The layout of the book is thirty or so interviews of Swansea and Cardiff legends, past and present. Within each of these interviews is a bit of the players’ background and then their greatest memory of a derby match in which they were involved. This is then following by a brief look at the rest of their career in football and what they are currently doing at this moment in time.
It was interesting to read the older players’ stories about what football was like ‘back then’. In his era, Mel Charles, who signed for Arsenal from the Swans for a then British record fee of £45000, picked up a £20 signing on fee with a weekly wage of £20, £4 for a win and £2 for a draw. How things have changed!
It’s amazing in such an intense rivalry between the both sets of fans that so many players actually played or managed for both sides and most were legends at both clubs. Many of the local lads in both sides, who progressed through the ranks also talk about the rivalry in all ages and levels of competition between the two sides, including in a recent under 14 game between the clubs ended before the final whistle due to the trouble amongst the parents.
This book also rekindled my own memories of standing on the North Bank watching some great players such as Tommy Hutchinson. Hutch talks about when he was at the club in the not so glory days of the late eighties. After having a great career at Blackpool, Coventry, Man City and Scotland, he ended up washing the Swans kit every week to help out the club as we were pretty skint at that time!
This is a book for young and old and would be a great present for yourself, a fellow Swans fan or indeed a Bluebird chum. It is also a book that will not date and you can relive their memories time and time again.
What an unexpected treat of a book this turned out to be! If I’m honest I would never have picked this one out thinking it would be all too parochial and simply a mine of statistical information and match reports. However, it’s much more than just a book on the South Wales derby. It has some genuinely interesting and amusing anecdotes from the players themselves and an insight into how they were treated by the clubs in a very different era – disposable commodities irrespective of their loyalty and commitment.
What comes across from the actual players, particularly those of yester year, is a love of the game and just how much it all meant to them. The chapters on latter day heroes Joey Allen and Darcy Blake are equally as interesting and that rivalry and passion clearly lives on today in these two local players.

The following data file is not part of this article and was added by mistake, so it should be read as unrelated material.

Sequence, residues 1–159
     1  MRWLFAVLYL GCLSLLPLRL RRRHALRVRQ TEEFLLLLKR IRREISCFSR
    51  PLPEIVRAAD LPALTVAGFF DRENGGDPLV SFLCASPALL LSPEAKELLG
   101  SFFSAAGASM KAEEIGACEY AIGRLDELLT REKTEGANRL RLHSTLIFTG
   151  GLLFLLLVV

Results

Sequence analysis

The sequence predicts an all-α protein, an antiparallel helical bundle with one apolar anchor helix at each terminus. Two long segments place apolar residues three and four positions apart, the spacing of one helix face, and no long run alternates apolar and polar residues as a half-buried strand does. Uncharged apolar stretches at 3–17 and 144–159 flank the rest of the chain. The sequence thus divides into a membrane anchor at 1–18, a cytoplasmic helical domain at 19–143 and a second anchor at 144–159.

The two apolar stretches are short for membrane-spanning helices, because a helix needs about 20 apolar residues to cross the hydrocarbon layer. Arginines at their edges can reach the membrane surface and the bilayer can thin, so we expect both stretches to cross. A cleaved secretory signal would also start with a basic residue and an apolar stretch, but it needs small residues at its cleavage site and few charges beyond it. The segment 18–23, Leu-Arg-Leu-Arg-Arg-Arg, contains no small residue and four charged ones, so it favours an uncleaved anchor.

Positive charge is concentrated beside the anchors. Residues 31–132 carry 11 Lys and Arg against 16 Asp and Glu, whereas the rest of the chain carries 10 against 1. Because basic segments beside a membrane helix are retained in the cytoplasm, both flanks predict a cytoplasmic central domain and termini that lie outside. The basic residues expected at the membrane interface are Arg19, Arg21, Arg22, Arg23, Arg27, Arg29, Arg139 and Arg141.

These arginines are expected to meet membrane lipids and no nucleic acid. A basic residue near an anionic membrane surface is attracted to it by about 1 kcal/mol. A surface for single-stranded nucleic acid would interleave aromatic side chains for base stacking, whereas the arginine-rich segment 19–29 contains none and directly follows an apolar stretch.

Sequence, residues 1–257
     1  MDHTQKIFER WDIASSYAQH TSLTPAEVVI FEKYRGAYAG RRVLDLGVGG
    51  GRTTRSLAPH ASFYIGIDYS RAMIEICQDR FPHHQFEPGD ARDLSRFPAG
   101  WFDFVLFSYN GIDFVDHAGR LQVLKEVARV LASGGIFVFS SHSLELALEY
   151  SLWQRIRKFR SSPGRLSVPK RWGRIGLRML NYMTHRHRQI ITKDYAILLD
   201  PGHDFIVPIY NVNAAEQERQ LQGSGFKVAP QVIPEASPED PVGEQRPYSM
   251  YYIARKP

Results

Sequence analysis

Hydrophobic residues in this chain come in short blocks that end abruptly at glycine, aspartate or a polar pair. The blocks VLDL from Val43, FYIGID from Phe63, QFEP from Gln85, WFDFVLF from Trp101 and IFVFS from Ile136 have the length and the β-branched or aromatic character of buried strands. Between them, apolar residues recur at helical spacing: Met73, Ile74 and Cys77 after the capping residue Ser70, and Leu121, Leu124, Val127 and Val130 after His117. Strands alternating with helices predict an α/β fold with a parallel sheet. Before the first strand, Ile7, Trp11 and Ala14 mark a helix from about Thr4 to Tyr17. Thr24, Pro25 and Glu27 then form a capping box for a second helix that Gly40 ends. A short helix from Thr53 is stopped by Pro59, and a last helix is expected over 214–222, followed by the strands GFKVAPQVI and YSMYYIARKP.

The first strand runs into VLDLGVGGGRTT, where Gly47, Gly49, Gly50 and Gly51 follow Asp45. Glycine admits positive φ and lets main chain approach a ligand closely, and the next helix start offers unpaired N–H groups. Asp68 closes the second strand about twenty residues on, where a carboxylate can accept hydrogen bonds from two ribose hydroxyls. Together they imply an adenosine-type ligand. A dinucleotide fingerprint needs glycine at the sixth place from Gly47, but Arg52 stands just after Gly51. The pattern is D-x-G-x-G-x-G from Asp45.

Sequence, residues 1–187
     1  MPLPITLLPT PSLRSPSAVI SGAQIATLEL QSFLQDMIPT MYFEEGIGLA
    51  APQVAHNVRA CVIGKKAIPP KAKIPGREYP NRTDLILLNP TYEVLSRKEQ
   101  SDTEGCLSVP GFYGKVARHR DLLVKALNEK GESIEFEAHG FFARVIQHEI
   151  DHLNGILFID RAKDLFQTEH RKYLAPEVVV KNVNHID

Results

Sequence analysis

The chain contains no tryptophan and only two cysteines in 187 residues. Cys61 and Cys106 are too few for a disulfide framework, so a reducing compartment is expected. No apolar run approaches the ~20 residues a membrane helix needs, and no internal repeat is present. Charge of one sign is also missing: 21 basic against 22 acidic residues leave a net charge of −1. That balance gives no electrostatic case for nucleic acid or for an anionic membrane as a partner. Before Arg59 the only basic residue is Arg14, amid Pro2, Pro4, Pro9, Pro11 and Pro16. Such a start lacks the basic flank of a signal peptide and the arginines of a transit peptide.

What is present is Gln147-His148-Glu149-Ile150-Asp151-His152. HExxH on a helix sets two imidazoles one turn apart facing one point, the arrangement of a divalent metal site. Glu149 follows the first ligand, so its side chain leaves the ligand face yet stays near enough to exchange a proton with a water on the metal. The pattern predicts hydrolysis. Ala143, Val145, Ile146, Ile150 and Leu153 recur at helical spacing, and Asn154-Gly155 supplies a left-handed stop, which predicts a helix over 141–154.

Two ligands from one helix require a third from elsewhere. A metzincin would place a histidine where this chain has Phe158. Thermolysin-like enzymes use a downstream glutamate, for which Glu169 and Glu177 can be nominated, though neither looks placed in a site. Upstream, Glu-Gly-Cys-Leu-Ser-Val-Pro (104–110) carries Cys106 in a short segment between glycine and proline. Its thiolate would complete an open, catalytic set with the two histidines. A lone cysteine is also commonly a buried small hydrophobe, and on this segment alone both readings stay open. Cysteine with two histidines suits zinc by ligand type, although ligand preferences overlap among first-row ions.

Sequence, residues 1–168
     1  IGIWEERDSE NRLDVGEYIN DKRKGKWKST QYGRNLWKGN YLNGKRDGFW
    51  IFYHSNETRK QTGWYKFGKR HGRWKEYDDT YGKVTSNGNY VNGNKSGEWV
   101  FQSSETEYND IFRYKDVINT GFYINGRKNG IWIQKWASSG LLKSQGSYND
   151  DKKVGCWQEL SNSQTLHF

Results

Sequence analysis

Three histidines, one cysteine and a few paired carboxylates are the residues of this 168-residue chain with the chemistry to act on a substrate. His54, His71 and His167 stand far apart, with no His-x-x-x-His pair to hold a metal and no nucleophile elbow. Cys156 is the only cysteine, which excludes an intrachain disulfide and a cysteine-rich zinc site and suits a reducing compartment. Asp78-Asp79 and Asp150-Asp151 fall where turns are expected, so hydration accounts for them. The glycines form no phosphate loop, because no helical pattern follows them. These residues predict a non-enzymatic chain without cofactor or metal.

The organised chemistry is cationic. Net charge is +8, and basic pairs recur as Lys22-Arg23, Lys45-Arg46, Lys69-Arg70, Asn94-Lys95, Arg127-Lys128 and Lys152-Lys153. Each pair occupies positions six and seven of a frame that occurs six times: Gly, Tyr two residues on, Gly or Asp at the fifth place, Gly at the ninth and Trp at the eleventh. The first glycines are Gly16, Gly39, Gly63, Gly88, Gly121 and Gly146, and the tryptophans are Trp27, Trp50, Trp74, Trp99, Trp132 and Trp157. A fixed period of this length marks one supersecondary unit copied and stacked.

In his book, Neil Palmer interviews a fairly even number of (mainly ex) Swans and Bluebird players and does so in a balanced and even-handed way asking them each to recount their favourite derby match. In so doing he asks them what made it special as well as picking up on a number of entertaining anecdotes along the way that marked their careers for both club and country.
I love the Swans and I’m passionate about Wales but I never realised that Mel Charles was voted the best Centre Half of the 1958 World Cup Finals! That on his return from the Finals he and a team-mate caught a train back to Swansea from London when he was asked by one of the train guards, “Hi Mel, have you been on your holidays? Nowadays they would be handing out OBE’s and knighthoods to the players”. That the great Mel Nurse calculated that he earned £11,500 in his entire career…
Another favourite of mine is a nugget from Nigel Stevenson who belatedly spills the beans on his departure from his stint at the Bluebirds. Following a practice match where he played a ball to Jimmy Gilligan who wasn’t entirely happy with it. “He continued moaning about it and finally when he failed to shut up, and I punched him”. If Harry Redknapp had been manager he’d simply have given an interview to the Mirror citing that these things happen all the time at training grounds every day of the week and simply handed Nige the captain’s armband…
I think it’s only fitting to end with “Super Joey Allen”, who in his own words, describes the 2-2 draw with Cardiff at their place in April 2009:
“…on the edge of the box I just fired the ball home and the crowd went crazy as I ran to them. I can remember seeing Cardiff player Darcy Blake, who’s a good mate of mine in the crowd and we had been winding each other up on Under 21 duty with Wales the week before and I just smiled at him”. Wouldn’t we all have just loved to have done the same in his place…
Top book and one you can delve in and out of again and again and a nice little Christmas present – 4/5.
The book was reviewed by Simon ‘Winston’ Roberts